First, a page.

I try to stay away from trends for YA because once the trend is identified it's usually on the way out - although this may change as publishing time frames become shorter with more digital publishing (although children's/YA publishing probably won't move as quickly to digital as genre fiction for adults). So it's just the boring old finding-identity-in-a-small-town-or-bit-city kind of thing for me. I also love it when there's a dark edge to a story - genuine darkness, not a showy attempt at juvenile delinquency to suggest 'bad boy' behaviour - but it's often very hard to get those stories published. Adults, you see, don't like to be reminded that teenagers have a fully functioning awareness of the crappy things in life and, more specifically, the crappy things adults do.

Sunday, May 1, 2011

Whither horror?

Where is the demand for the horror genre market on a scale of 1 to 10 today, and why hasn't there been another horror author to even come close to achieving the staggering heights of Stephen King in the 1980s?

I'd say horror is about 1 or 2 and likely to stay there. And it was there when Stephen King was at his horror peak too. Stephen King is Stephen King - he's an extraordinary storyteller with an equally extraordinary work ethic. Regardless of the genre he chose, he was probably going to be wildly successful. He wrote horror stories because they were the stories that came to him, and some of them become movies that were 'scary' more than pure 'horror', and thus he entered the mainstream in a massive way. This is a wildly generalised summary of a long, rich career.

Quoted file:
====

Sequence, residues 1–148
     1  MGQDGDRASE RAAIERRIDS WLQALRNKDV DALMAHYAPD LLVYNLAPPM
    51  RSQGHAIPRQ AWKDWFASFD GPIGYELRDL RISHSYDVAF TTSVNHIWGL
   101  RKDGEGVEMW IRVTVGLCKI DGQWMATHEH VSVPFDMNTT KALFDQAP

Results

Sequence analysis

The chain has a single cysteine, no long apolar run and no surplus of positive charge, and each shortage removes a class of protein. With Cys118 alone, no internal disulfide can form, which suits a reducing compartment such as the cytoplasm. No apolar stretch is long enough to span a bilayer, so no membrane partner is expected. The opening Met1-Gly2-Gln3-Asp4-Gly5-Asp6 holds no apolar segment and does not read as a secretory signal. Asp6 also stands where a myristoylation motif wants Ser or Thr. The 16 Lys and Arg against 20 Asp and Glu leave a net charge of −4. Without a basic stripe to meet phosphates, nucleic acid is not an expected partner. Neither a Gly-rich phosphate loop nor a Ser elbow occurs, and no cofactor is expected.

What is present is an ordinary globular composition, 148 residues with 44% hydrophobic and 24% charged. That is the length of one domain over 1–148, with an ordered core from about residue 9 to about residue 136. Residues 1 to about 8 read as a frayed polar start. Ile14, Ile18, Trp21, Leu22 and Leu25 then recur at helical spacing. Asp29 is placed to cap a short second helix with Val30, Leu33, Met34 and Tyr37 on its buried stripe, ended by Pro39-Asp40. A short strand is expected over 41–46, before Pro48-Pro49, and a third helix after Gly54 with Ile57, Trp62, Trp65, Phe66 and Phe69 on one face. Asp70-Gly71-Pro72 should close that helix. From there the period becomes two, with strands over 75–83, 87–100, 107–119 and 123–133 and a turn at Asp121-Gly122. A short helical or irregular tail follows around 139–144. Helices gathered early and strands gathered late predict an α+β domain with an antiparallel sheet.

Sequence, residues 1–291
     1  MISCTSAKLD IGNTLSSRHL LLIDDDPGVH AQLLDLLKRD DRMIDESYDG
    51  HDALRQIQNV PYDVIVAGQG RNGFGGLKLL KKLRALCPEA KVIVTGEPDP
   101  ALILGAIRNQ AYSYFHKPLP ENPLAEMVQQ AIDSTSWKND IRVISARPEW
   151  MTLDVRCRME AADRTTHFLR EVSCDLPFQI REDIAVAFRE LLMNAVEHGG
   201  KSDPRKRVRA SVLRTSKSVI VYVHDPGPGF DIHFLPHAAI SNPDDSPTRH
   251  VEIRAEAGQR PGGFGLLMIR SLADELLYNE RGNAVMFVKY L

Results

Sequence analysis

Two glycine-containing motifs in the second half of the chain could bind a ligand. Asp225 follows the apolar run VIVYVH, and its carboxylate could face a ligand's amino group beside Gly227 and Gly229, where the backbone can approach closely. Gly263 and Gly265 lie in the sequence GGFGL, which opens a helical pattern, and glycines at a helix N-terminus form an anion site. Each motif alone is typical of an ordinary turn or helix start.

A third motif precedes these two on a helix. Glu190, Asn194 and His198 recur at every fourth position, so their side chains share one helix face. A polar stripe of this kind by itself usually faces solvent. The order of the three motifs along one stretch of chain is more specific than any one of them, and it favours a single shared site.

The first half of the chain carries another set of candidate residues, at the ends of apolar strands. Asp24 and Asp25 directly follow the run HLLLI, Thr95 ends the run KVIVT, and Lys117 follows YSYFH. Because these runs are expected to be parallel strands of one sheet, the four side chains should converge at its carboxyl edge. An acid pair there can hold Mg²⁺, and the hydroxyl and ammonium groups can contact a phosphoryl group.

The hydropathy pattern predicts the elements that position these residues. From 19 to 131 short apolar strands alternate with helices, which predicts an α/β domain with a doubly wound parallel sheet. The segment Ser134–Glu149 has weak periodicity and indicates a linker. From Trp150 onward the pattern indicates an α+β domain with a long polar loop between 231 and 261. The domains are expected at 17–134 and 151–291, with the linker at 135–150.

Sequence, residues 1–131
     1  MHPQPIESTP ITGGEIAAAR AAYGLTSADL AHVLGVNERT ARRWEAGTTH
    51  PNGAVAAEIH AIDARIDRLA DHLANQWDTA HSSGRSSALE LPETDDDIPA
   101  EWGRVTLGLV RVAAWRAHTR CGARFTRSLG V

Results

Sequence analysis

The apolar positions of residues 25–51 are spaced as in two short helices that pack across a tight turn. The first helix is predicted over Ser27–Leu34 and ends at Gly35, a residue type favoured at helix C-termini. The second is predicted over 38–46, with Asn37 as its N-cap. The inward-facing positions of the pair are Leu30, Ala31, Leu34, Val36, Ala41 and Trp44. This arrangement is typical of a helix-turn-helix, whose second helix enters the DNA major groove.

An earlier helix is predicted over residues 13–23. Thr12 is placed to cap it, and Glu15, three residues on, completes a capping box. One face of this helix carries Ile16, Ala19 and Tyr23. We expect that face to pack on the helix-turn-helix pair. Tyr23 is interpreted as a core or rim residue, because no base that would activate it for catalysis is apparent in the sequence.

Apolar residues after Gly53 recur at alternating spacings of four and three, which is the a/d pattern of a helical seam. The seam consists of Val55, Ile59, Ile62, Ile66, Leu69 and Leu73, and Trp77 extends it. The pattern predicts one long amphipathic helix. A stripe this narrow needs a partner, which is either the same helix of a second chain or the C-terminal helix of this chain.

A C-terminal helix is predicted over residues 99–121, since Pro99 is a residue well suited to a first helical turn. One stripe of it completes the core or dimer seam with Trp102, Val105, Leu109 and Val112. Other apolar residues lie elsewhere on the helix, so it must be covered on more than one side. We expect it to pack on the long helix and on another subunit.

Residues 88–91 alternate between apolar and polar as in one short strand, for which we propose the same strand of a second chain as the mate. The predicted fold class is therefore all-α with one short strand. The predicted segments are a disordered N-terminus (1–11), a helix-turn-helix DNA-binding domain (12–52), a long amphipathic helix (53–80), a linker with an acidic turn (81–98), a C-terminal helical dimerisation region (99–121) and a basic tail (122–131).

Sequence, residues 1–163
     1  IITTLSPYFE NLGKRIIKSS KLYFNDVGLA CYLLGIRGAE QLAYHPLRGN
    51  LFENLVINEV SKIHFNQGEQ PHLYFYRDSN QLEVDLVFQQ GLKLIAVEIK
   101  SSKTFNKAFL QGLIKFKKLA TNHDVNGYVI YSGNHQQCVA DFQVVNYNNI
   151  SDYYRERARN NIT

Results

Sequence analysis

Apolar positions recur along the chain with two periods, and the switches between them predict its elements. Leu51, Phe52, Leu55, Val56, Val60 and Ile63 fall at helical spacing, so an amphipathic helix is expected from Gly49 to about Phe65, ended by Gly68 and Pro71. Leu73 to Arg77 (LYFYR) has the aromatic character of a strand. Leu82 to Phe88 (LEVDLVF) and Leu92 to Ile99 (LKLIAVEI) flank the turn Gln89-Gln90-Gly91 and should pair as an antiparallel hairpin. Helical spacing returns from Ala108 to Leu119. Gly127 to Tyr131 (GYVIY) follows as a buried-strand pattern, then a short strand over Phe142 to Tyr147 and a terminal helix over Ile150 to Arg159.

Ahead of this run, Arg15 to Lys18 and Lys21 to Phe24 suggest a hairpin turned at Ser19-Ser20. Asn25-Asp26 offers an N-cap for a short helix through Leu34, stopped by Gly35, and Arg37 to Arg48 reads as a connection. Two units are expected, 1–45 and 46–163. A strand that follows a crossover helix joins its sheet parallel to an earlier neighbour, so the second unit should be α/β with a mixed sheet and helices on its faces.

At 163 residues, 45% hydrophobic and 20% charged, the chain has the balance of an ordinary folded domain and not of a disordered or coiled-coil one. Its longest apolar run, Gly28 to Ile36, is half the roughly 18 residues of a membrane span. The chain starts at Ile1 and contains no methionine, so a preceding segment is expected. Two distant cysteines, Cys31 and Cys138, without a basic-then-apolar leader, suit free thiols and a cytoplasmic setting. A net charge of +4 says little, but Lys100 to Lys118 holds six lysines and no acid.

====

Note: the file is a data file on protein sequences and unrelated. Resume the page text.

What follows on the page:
My own theory about why horror isn't more popular is this: chicks don't dig it. And when chicks* don't dig a book genre - either to read themselves or to buy as a gift - it's very, very hard to get it consistently on any bestseller lists. Most women I know - including me - would not voluntarily read a horror novel or watch a horror film. Alien is probably as horrific as they'll go, and even then it's a 'space film' so we can convince ourselves that it could never happen on earth, ergo, it's not as horrific as it could be. We'll watch/read crime stories that come close to being horror, but we're mainly not interested in horrific - really nightmare-creating - stories. The women I know who read voraciously (and some of the men) will not go anywhere near a horror story. Of course there are exceptions to this. There are lots of women who've read Stephen King. But he's Stephen King. He's a genre unto himself.

The comments section is there for anyone who wants to seriously go to town on my theory.

*Culturally ironic use only.